Nani Afrida, The Jakarta Post, Jakarta | Sat, 10/01/2011 8:00 AM
President Susilo Bambang Yudhoyono said Friday that Indonesia was still
facing many hurdles in carrying out its climate change agenda, including what
he said was “poor coordination” among government officials, businessmen and
“The [climate change] program is not only a national agenda, but an
international one as well. We should be able to address the problem with a
better solution. We don’t want to lose this because [to do so would mean] we
cannot achieve the higher agenda,” the President said during a meeting with
representatives from the National Council of Climate Change (DNPI) and several
ministers at the Presidential Palace in Jakarta.
He said there was a serious problem in coordination and synergy between
officials in central government and their local counterparts, and between
businessmen and civil society groups, in furthering the nation’s climate
agenda, which is to reduce emissions by a minimum of 26 percent by the year
“If we find different points of view among policy makers, central government,
local government and civil society organizations, let us return to our vision
and basic policies relating to climate change,”
According to the President, Indonesia is trying to achieve prosperity and
eradicate poverty but without destroying the environment. “I hope the council
will be vigilant on this, to ensure all the policies are appropriate in
boosting the economy and creating jobs, but it should be done without ignoring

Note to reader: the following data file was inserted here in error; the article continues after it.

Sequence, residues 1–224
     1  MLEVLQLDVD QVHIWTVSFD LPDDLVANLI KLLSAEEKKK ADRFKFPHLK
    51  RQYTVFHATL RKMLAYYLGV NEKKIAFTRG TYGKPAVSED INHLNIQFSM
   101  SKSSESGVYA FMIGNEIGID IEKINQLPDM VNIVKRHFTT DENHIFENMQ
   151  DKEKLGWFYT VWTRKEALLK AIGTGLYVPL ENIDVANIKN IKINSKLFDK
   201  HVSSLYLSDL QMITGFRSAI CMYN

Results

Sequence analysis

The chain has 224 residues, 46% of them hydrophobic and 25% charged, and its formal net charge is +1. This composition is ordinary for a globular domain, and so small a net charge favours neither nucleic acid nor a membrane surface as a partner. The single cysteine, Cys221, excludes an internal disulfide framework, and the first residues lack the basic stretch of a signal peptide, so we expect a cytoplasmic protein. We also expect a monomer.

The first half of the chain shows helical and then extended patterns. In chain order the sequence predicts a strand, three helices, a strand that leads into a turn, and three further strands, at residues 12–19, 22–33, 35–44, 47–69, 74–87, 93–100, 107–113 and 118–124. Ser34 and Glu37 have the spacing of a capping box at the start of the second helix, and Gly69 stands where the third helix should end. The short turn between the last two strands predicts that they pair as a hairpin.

our environment,” he said.
DNPI chairman Rahmad Witoelar refused to add further comments to the
“I see it in general terms. But it is important to maintain coordination
between central and local government, as well as ministers.”
Forestry Minister Zulkifli Hasan acknowledged that coordination is one of the
biggest challenges the country faces in meeting its emission targets.
“It requires good coordination between regions, districts and provinces, so
that everyone has a similar understanding that emission reduction is our duty,”
On Friday, the President held a coordinating meeting with the DNPI and his
ministers to discuss the national program to reduce gas emissions and the REDD+
(reducing emissions from deforestation, and forest degradation plus carbon
stock enhancement) strategy.
Indonesia is trying to tap the financial benefits from the REDD+ scheme, which
offers financial incentives for developing countries to reduce
deforestation-related emissions and invest in low-carbon and long-term forest
Last week, a task force set up by the President on REDD+ signed a memorandum of
understanding (MoU) with the Central Kalimantan administration to begin a pilot
project on the implementation of emission reductions in the province.
The pilot project will be the first in a series of forest protection programs
initiated after Indonesia sealed a US$1 billion deal with the Norwegian government
in May 2010 in return for a two-year moratorium on deforestation.
The country is the third-largest emitter of greenhouse gases globally with
almost 80 percent of the country’s current emissions stemming from
deforestation and forest degradation.
The Center for International Forestry Research (CIFOR) recorded that Indonesia
is losing about 1.1 million hectares of forest each year, most of which is due
to unsustainable logging for the conversion of forests into oil palm
plantations, and the pulp and paper industry.
It is also partly due to large-scale illegal logging, which is estimated to
cost Indonesia about US$4 billion annually.